3. Pay Your Respects at Hank Williams’s Grave
Famed country singer Hank Williams is buried next to his wife in a grave covered in AstroTurf.
Why is his grave covered in AstoTurf, you may ask. Fans kept plucking the grass to keep as souvenirs, so in the 1950s the cemetery covered the grave in fake grass.
The grave is located in the Oakwood Cemetery Annex, not Oakwood Cemetery as is typically reported.
So if you get confused, like we did, just look for the large granite Hank Williams Memorial sign at the annex entrance.
4. Stroll along Lower Commerce Street Historical District
Montgomery has done a lot of work revitalizing the old commercial district. When I used to come here as a kid, this area had nothing. Now, they have been working to restore the gorgeous Italianate, Classical Revival, and Renaissance Revival style buildings.
Find a place to eat along Commerce Street, duck into The Alley for some live entertainment, or head down to the Riverfront to take in the view of the Alabama River.
5. Tour the Scott & Zelda Fitzgerald Museum
Being the book nerd that I am, I had to squeeze in a little literary pilgrimage to the Scott & Zelda Fitzgerald Museum.
This is home that F. Scott Fitzgerald and his wife Zelda lived in for eight months. It’s also the last home the Fitzgeralds lived in as a family.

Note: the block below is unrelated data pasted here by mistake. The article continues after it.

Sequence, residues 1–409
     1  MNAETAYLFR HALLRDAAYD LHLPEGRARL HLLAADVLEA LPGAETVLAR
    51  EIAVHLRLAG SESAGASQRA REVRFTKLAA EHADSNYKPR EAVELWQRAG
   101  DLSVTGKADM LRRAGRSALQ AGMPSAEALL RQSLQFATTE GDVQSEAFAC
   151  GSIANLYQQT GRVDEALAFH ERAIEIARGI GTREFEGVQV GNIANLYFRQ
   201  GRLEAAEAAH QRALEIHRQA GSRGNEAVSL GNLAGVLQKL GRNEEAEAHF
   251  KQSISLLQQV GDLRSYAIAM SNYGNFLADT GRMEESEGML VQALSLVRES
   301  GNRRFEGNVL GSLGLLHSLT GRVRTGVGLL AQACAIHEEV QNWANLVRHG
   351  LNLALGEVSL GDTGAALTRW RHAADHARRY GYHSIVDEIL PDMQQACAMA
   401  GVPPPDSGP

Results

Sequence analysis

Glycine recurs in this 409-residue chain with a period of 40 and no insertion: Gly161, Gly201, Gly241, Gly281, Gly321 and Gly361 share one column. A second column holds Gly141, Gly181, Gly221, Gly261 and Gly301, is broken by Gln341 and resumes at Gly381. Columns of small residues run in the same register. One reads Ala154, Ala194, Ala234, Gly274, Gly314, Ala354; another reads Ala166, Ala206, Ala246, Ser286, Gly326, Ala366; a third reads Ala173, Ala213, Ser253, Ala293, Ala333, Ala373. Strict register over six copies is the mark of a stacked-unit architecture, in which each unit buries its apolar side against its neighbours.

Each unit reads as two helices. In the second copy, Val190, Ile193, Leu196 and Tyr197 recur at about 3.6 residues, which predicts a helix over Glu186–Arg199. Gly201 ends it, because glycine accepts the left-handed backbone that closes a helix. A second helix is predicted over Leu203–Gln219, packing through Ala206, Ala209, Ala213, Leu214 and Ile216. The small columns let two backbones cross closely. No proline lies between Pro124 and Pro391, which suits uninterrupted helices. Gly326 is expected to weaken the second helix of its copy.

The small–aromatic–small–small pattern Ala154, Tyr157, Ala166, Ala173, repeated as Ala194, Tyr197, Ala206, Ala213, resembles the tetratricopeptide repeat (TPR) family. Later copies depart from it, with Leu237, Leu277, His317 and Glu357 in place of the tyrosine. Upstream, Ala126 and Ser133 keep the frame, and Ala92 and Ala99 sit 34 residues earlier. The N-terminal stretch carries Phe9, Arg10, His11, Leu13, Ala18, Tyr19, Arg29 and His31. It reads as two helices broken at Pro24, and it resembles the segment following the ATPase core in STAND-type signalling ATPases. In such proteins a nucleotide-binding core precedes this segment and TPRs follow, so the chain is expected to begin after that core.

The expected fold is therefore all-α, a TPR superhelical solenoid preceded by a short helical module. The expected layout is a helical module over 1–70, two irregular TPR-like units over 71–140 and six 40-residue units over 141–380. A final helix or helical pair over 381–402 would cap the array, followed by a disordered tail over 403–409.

The Fitzgerald Museum is also the only museum in the world dedicated to both Scott and Zelda. The museum takes you through the Fitzgeralds’ lives, showcasing Scott’s writings, Zelda’s paintings, their letters to friends and each other, and more.
6. Go Shooting at the Montgomery Indoor Shooting Complex
We were feeling adventurous and wanted to deviate from the norm, so we set out for the Montgomery Indoor Shooting Complex.
First, we watched a short safety video. Next, we donned our stylish purple ear muffs, picked out our target, and made our way into the indoor shooting range.
While Kevin saved us from a vicious neon skeleton enemy, I did not do so well; I only managed to hit the center of the target once by a stroke of pure luck.
7. Visit the First White House of the Confederacy
Montgomery was the first capital of the Confederacy before the capital was moved to Richmond, Virginia. As such, it also had the First White House of the Confederacy.
While the city’s involvement in the Civil War isn’t a fun subject, it’s an important part of the city’s, and the state’s, history. This museum is a good reminder of that history, though it could use some improvement in how it discusses the Civil War (their exhibits conveniently leave out anything about slavery).